Recent Pair of Distracted Driving Studies Reveals Extent of the ProblemTrusted Content
Legally reviewed by:Erik Abrahamson, J.D. July 05, 2013
Two recent studies of distracted driving have revealed just how much of a problem this behavior has become.
The first was a report from the National Safety Council revealing that the role of cell phone use in fatal collisions has been vastly under reported. According to the study, over half of all cell phone-related traffic fatalities may be going unreported.
The second study was performed by the University of Michigan and underlined the fact that distracted driving is not something unique to teenagers. The emergency room study of 654 parents sought to determine distractions to drivers of child passengers. The results were compelling.
Driving Children Under 12
Three out of four parents reported using a cell phone while transporting children under 12 years old. Responding to the need of a child and personal grooming or eating by the driver tied for a strong second place.
Setting the Example
The ramifications of engaging in distracted driving while transporting children is more subtle than the immediate risk to the child. Parents or other authority figures are observed closely by the child.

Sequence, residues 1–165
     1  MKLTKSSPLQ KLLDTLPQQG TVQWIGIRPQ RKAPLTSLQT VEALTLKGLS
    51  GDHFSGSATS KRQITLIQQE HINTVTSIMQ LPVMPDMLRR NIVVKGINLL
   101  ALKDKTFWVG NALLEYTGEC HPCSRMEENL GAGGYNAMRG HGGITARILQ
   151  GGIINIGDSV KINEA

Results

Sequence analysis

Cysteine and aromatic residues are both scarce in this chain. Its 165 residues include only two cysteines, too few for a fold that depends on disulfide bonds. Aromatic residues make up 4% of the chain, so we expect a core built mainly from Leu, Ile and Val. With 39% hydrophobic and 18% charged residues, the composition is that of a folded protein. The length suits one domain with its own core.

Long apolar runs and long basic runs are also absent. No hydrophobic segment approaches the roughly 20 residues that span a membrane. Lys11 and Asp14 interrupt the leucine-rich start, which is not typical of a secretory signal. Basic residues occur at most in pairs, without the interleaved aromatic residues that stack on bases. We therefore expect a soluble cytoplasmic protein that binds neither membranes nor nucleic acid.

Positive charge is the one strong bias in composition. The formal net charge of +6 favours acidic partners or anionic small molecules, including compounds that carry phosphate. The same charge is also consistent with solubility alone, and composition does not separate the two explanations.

Choosing to engage in risky driving practices is teaching those behaviors to the child. Such children may grow up to become teenage drivers who practice unsafe behaviors behind the wheel as well.
Cell Phones and Beyond
While no states have banned cell phone use while driving, some states have banned handheld cell phone usage. Many states such as Florida have enacted laws against texting while driving.
Texting and cell phone use are not the only driving distraction according to the University of Michigan survey. Distractions listed included:
- Phone calls
- Attending to the needs of the child passenger (retrieving toys, feeding)
- Personal grooming
- Eating while driving
- Using a navigation system or map
- Adjusting a radio or inserting a CD
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In 2011, distracted driving contributed to more than 3,000 deaths. Florida residents who are the victims of distracted drivers may wish to seek legal advice from a Tampa car crash lawyer.